December 22, 2014, 01:33:52 AM

Author Topic: Questions about Shooting the Supermoon  (Read 5722 times)

Frodo

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Re: Questions about Shooting the Supermoon
« Reply #15 on: August 08, 2014, 04:27:55 PM »
LOL, yes, and that was brave of you to post that!  I did the opposite when I first shot the moon.  I spot-metered the moon and then set the manual exposure.  Of course that turns white to middle gray, not really what you want, either.  I think spot meter +1 EV works well as a starting place if I remember from my last shot.

The Moon receives the same light from the Sun as we do on Earth.  So expose for a sunny day on Earth to expose the Moon correctly. 
In the days of film I used the "sunny 16" rule: f16 at the reciprocal of the ASA (ISO).  So 1/125 @ f16 for 125 ASA. 
You don't need f16 for depth of field and for a long tele, you need a higher shutter speed.  So f8 and 1/500 for 100 ISO or f8 and 1/2000 for 400 ISO.  I would bracket to be safe.
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Re: Questions about Shooting the Supermoon
« Reply #15 on: August 08, 2014, 04:27:55 PM »

jrista

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Re: Questions about Shooting the Supermoon
« Reply #16 on: August 08, 2014, 04:31:03 PM »
The biggest perigee moon of the year is happening this weekend and I'm planning to shoot it.  I've taken some simple shots of the moon in the past, but this time I'd like to do it right.  My plan is to incorporate the silhouetted  branches of a longleaf pine (the subject of an ongoing project of mine) in front of the moon.  I realize I need to be way back from the moon to get them even remotely close to the same focal plane (within the lens, not the universe!), but I have some questions:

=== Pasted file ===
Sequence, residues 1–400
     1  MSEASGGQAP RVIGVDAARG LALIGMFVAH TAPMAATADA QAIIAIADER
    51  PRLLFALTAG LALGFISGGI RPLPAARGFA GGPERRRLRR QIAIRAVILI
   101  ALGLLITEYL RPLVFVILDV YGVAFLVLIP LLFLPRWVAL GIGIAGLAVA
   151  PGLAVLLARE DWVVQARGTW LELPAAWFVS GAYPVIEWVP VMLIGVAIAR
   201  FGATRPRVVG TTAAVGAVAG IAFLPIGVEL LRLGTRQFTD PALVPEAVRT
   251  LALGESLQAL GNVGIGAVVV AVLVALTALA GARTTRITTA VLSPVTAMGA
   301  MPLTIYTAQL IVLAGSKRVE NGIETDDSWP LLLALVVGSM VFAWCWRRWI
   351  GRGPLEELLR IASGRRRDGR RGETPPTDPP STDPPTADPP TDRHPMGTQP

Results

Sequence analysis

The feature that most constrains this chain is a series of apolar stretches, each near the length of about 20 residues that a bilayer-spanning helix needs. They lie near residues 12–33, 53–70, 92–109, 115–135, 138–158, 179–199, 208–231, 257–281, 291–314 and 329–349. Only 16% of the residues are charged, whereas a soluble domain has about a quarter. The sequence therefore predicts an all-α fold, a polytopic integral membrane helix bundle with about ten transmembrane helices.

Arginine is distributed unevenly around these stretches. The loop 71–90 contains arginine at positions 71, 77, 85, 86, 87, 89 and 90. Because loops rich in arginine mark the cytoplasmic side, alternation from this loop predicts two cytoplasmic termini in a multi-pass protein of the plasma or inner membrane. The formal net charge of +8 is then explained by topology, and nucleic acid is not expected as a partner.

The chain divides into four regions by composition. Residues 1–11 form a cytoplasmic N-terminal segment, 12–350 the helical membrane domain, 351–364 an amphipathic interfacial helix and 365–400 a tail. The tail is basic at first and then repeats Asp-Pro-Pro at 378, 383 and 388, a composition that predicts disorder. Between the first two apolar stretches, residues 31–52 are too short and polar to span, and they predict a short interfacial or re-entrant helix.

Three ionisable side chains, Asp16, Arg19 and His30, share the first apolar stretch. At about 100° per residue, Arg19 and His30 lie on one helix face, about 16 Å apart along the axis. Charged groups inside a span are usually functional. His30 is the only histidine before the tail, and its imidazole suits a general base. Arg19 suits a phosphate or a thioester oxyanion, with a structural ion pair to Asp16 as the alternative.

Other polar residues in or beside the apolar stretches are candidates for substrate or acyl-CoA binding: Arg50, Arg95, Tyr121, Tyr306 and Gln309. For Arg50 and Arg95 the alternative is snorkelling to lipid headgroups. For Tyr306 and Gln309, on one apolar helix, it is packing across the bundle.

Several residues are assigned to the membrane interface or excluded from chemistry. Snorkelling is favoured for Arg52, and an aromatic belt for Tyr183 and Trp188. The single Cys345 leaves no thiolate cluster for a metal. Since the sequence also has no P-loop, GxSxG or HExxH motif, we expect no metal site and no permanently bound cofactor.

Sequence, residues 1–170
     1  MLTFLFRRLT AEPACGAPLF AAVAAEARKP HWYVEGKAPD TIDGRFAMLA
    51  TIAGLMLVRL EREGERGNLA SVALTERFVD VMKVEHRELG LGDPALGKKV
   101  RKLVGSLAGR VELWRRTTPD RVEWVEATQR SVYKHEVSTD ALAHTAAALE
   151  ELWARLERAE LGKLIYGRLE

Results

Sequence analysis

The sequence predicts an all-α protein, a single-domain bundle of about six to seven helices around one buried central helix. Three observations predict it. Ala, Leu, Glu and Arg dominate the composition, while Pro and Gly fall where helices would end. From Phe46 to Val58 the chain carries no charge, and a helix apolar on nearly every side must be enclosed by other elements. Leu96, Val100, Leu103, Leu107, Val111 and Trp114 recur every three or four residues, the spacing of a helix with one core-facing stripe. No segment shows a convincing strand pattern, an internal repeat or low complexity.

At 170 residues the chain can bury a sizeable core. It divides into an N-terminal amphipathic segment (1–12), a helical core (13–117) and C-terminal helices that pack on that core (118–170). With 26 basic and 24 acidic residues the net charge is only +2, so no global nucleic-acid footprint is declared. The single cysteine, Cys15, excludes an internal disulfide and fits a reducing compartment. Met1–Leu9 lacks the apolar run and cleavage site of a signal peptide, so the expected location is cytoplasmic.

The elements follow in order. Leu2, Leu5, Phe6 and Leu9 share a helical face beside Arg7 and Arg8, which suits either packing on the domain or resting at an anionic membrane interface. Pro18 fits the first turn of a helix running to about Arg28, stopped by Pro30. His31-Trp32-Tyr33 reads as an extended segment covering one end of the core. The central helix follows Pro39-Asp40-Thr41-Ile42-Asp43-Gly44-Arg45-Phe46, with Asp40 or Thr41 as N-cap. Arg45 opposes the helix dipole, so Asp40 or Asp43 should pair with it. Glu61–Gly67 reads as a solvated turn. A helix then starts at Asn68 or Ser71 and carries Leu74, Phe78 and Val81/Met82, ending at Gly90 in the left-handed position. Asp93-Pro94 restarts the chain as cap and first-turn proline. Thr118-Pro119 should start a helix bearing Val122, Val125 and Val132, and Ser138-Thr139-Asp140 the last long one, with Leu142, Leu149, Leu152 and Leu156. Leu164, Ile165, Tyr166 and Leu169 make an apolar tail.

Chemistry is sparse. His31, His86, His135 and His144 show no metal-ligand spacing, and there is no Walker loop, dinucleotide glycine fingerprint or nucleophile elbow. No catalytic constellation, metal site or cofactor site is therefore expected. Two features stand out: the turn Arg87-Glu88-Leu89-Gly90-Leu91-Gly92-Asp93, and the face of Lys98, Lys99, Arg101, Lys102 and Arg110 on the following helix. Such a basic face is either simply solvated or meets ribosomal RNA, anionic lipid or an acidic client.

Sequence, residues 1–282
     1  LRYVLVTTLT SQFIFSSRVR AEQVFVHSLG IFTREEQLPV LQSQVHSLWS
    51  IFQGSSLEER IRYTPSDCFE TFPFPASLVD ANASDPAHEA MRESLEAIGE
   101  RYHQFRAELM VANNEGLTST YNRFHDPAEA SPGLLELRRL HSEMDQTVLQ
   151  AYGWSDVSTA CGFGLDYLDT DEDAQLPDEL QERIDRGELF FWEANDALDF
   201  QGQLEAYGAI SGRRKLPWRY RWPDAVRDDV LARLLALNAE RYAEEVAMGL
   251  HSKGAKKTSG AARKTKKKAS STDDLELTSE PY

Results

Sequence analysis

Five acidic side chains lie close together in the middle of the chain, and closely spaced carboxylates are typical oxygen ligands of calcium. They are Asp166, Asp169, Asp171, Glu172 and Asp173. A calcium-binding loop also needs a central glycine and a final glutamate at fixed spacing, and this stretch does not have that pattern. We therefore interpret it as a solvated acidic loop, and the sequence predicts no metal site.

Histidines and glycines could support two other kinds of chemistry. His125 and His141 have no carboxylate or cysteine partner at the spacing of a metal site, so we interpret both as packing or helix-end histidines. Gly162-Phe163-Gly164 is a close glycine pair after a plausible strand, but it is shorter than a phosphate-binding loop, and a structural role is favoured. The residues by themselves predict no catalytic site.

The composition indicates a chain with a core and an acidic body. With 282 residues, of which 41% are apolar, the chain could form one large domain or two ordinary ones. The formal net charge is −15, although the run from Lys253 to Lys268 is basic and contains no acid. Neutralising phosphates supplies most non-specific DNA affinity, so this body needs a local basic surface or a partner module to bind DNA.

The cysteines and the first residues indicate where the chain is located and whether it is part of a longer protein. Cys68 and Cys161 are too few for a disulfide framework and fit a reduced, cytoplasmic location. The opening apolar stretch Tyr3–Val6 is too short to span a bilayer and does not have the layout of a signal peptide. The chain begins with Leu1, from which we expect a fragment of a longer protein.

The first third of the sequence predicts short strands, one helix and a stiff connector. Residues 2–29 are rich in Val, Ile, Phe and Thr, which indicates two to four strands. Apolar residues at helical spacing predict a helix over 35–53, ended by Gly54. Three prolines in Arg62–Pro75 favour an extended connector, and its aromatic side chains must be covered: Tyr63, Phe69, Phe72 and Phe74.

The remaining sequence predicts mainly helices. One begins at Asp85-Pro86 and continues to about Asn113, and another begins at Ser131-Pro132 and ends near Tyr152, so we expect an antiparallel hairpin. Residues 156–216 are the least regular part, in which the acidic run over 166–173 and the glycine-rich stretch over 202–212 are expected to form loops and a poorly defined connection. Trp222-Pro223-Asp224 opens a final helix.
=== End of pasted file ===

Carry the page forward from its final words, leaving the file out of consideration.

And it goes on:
1. Roughly how far from the tree do I need to be, assuming I'm shooting at 300 (for a wider shoot) or 600mm (300 f/2..8 IS II + 2xIII)?

2. Forgive my extreme ignorance on the subject, but I assume the so-called moon illusion that makes it appear larger near the horizon is just a psychological phenomenon, not something visible in-camera, right?

3. How much does humidity degrade this type of shot? It looks like it will be somewhere between 65-85% , which is actually a bit low for this time of year. 

Any advice you might have is appreciated :)

Without question, use the longer scope. The moon is only about 30 arcminutes in size, and even at 1200mm (600/4 II + 2x), it still doesn't fill the entire frame on my 7D (1200mm vertical AoV, the smallest AoV on a 1.6x APS-C sensor, is 43 arcminutes so still lager than the moon.) You want as many pixels as you can on subject so you can maximize detail.

Humidity is hardly a problem unless it fogs up your lens. If you can keep a very low power blow dryer on hand, you can combat fogging due to humidity.

The biggest issue is seeing, or atmospheric turbulence. That is going to be the single largest factor that will affect your ability to resolve good detail. Seeing ranges from extremely good (practically no turbulence at all, details from distant stars come through so well that you can clearly see the airy disk diffraction pattern under high enough magnification) to utterly horrible (you can't tell that a star is actually a round object, it looks like a boiling spotted blob that is about 5-10x larger than the star really is). This seeing affects the moon...if you zoom in really high in live view at your longest focal length (i.e. use the 600mm option for sure), you can actually see a rippling effect along the edge of the moon. That is atmospheric turbulence warping the edge.